'Coming from an Indian background, it was easy for me to relate to Irish poets'

Daljit Nagra talks multi-culturalism and Brexit ahead of CĂșirt reading

Daljit Nagra.

Daljit Nagra.

THE AWARD-winning Anglo-Indian poet, Daljit Nagra, whose ebullient, sharp-witted poems have made him one of Britain’s most popular and acclaimed poets, reads from his work at the Town Hall Theatre this Saturday, as part of Cúirt.

Nagra's poems relate to the experience of Indians born in the UK, especially Indian Sikhs, and often employ language that imitates the English spoken by Indian immigrants whose first language is Punjabi, which some have termed "Punglish".

Nagra’s Sikh Punjabi parents came to Britain from India in the late 1950s, and he was born in 1966 and grew up in Yiewsley, near London’s Heathrow Airport. In 1982, the family moved to Sheffield where they bought a shop. It was not until Daljit was 19 that he first read a book of poetry – William Blake’s Songs of Innocence and Experience – which inspired him to study English and, tentatively, to begin writing poetry of his own. It was not until he was 30 he began writing in earnest, following the encouragement he received at a workshop by poet Ruth Padel.

In 2007 his debut collection, Look We Have Coming to Dover! was published by Faber, making him only the second living poet of colour – after Derek Walcott - to be published by the firm. The book won that year’s Forward Poetry Prize for best first collection and it was followed in 2012 by Tippoo Sultan's Incredible White-Man Eating Tiger-Toy Machine!!! In 2013 he published his freewheeling version of the Indian epic Ramayana and his most recent volume is British Museum, which came out last year.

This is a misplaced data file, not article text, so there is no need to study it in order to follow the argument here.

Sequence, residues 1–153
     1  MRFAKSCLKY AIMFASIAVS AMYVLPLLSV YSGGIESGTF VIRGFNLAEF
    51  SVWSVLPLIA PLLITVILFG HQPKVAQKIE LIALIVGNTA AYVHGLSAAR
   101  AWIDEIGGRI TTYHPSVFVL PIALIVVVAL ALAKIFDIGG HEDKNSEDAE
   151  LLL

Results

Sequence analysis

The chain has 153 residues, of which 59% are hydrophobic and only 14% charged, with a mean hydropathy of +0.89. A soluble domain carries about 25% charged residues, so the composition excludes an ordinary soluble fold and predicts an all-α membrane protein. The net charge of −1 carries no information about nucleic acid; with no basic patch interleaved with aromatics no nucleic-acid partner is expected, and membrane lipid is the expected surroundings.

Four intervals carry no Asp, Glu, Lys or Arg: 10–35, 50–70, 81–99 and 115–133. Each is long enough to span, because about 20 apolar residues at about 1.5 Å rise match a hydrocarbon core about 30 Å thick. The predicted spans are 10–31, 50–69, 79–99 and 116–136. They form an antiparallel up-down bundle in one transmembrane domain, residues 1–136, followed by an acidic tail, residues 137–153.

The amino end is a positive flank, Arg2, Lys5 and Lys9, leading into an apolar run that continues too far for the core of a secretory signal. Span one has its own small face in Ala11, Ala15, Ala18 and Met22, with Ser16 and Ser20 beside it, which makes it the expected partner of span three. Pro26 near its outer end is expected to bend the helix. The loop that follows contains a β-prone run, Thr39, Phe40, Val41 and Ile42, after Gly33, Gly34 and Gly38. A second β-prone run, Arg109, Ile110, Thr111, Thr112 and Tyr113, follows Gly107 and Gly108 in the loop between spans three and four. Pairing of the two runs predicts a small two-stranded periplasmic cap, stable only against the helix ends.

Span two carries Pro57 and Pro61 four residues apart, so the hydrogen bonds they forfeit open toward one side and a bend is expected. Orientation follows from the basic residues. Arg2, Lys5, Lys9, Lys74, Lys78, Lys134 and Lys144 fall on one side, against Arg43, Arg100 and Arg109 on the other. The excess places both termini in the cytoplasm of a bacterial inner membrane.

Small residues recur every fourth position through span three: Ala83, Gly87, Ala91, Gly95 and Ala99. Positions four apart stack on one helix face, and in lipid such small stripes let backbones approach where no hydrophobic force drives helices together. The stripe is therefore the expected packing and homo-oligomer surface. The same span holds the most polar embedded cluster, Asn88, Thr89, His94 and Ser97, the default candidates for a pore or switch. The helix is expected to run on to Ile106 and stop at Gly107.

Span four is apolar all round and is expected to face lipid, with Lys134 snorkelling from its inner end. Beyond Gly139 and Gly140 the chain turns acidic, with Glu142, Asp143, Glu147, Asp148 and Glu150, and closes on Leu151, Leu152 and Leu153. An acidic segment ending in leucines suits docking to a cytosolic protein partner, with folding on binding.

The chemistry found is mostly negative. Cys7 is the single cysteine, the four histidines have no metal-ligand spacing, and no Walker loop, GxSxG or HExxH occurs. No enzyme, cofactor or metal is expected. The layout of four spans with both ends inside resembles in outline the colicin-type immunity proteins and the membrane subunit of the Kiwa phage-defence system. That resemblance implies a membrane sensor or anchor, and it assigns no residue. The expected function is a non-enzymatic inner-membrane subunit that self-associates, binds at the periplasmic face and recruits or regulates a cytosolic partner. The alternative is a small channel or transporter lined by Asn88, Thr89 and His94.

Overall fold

Daljit Nagra headshot

Ahead of his Galway reading Nagra spoke with me about his work and I began by asking whether, when he began reading poetry in earnest, he explored poems from his Indian background as well as those of the English canon. “I started with Blake and the European tradition because I was born in Britain and educated here,” he replies. “But over the years I’ve been reading Indian writers who write in English such as Jeet Thayil or Ranjit Hoskote. I recently did a translation of the Ramayana and I did a lot of research on that Indian epic and read a lot around it. I re-saw it as a global text that exists in theatre form, book form, and street form. It is part of British culture now as well as Indian.”

'It’s easy for me to relate to the Irish poets coming from an Indian background where we were both subjects of empire and of colonial tension'

Does he also have a sense of writing for an Indian readership as well as an English one? “Very much so,” he asserts. “I am mindful of that but I write with half an eye on the white middle class audience who’ll come to a poetry event and buy a book. The poetry comes with this double head so I try to be faithful to the culture and traditions of my Indian background, but also to make sure I write poetry that a western audience can understand and relate to without me compromising too much on the value systems of my Indian community. My parents still have a home in the Punjab. They come from a farming background so I have visited there a few times, and I have been to Punjab and Calcutta to read as a poet and I’ve always had a good reception.”